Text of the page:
GM 2013, April  

Dr Jaya Joy House Officer in Geriatric Medicine Department of Geriatric Medicine, Countess of Chester Hospital Chester, UK

Dr Joe John VattakatucherConsultant Psychiatrist, Department of Psychiatry, Hollins Park Hospital, Warrington 




Elderly patients are less likely to be aggressive or violent than younger people and they are more often victims than perpetrators of violence.2 However, dementia is associated with aggression and violence. Incidents of aggression and violence were reported in up to 20% of Alzheimer’s disease patients.3  

Burns et al reported that over half the patients with a diagnosis of dementia were verbally or physically aggressive.4 Aggression and violence are the most serious behavioural disturbances associated with dementia and cause great distress to carers.5 Such behaviour is thought to be more frequent in hospitals than in the community.4 This may be explained by the fact that patients with such behaviour are concentrated in psychogeriatric wards as aggression and violence are the most common causes for admission to hospital or nursing homes.4,6

Several theories have been proposed to explain aetiology of aggression and violence in dementia. They could be grouped into three main categories: biological, psychological and environmental.5 Biological theories tend to be either damage to particular areas of the brain or malfunction of specific neurotransmitter systems. Damage to amygdale, hippocampi, temporal lobes and frontal lobes have been implicated.7 Changes to 5-HT, GABA, cholinergic and catacolamine levels in the brain have been suggested.5 There is a possibility that some of the aggressive behaviour in dementia may be due to ictal activity.

This could explain the effectiveness of carbamazepine in a select group of patients with aggression and dementia. There are several reports of aggressive behaviour secondary to acute confusional states superimposed on dementia.5 Psychological factors such as depressive symptoms, psychotic symptoms, exacerbation of premorbid personality traits and frustration from impaired ability to communicate have been suggested.2,5,8 Environmental factors such as overcrowding, inadequate lighting, poor nursing techniques and inappropriate ward design have been suggested.1,5,9

The aim of this article is to systematically review literature about aggression and violence in patients with dementia in psychogeriatric wards and hospitals.



A comprehensive search was carried out using the following key words: aggression, violence, behavioural disturbance, dementia, psychiatric units, mental health units. Medline, EMBASE, PsychInfo, CINHAHL and Cochrane Library were searched using the above-mentioned key words. Abstracts of the articles were reviewed and relevant articles were identified and requested. All articles requested were analysed. Reference lists were examined and relevant articles requested. All articles that reported on aggression and violence in dementia patients in the hospital setting were included. Studies in community samples were excluded. Seven studies met the criteria and the important findings are reported below.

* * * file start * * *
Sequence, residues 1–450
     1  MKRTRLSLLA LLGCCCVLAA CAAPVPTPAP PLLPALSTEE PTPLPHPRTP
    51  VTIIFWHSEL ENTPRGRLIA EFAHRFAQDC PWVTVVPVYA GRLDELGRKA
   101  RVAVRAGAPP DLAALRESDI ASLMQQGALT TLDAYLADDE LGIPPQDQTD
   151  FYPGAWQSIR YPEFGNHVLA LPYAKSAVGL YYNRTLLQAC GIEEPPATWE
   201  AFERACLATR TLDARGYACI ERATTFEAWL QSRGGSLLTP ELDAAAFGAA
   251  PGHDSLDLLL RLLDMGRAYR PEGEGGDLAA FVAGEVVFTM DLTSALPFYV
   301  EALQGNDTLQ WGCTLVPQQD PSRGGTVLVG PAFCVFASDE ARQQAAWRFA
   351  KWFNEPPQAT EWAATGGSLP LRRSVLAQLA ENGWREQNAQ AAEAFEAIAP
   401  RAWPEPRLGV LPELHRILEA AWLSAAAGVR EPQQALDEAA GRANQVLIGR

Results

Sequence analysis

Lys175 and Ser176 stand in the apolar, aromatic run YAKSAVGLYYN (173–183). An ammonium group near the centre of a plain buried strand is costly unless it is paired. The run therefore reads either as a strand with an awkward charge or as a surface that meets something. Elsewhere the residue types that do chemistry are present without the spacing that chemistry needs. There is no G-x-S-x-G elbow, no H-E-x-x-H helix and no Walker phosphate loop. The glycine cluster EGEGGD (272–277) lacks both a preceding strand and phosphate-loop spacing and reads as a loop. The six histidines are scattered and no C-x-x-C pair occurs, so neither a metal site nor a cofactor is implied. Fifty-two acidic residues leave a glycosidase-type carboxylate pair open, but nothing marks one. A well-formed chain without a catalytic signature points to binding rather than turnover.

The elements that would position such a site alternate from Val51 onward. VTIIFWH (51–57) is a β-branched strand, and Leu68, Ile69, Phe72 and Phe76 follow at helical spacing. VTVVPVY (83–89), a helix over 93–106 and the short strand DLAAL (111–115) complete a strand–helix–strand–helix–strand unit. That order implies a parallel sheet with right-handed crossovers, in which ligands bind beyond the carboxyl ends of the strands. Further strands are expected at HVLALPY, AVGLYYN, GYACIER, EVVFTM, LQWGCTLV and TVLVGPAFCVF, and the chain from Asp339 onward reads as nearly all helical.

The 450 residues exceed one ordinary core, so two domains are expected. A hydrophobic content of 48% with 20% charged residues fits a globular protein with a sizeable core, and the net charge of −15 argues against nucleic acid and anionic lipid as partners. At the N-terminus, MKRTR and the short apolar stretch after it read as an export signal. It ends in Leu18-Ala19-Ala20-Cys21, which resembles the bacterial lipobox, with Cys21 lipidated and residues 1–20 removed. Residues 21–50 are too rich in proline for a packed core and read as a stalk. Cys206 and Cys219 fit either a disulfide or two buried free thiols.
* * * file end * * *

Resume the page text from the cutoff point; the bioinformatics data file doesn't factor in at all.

Nilsson et al reported a prospective study of six weeks duration on aggressive behaviour in hospitalised psychogeriatric patients in Stockholm, Sweden.10 The patients selected were inpatients (n=40) from two psychogeriatric wards. All patients were observed using a special aggression report. 33 (82.5%) patients had a diagnosis of dementia with marked cognitive impairment, four had chronic schizophrenia with cognitive impairment and two suffered from unspecified chronic psychosis. 266 aggressive incidents were reported from 27 patients. 88% were directed towards staff and 75% were provoked when the staff helped the patients with activities of daily living. To our knowledge, this was the first study to report on this topic. However, the study did not specifically investigate aggression and violence in dementia patients. From the results provided, it is not possible to ascertain what proportion of incidents involved patients with dementia.

Haller et al studied violent behaviour in geriatric inpatients with dementia. They used a retrospective study design and examined medical records of 52 dementia patients admitted from July 1 1979 to September 1 1987 in an acute ward of a university hospital.11 The incidents were grouped into "fear inducing behaviour" and "physical attacks". 30% of females and 70% of males exhibited fear-inducing behaviour, 51.9% of females and 48.1% of males physically attacked others. Married patients and those with families were over represented in the group of violent patients. No significant association were found between violence and gender, social class or ethnic group. The study tabulated only the most serious description if more than one incident of violence had occurred. The results do not give all the incidents of violence, only the most serious ones. This is an important drawback of the study.

Meyer et al compared geriatric patients (n=78) admitted during the three-year period from January 1 1987 to December 31 1989 to non-geriatric sample (n=1904) admitted to Hasting Centre, Nebraska. 60% of geriatric subjects had organic mental disorder.12 The information was collected from "physical intervention reporting form" that was used to record incidents that required seclusion, restraint, mechanical support or behavioural control. The most common antecedent for both geriatric and non-geriatric staff was being asked to do something. Geriatric patients showed more aggression to other patients but significantly less towards staff, self or objects compared to non-geriatric patients. Patients who had diagnosis of organic mental disorder or schizophrenia exhibited the majority of aggressive behaviour. The percentage of aggressive episodes by organic mental disorders (27.3%) was comparable to schizophrenia (30.7%). This is a large study and a substantial number of patients were studied for a considerable period of time. However, only the incidents that led to physical intervention were taken into account and less severe incidents were not considered.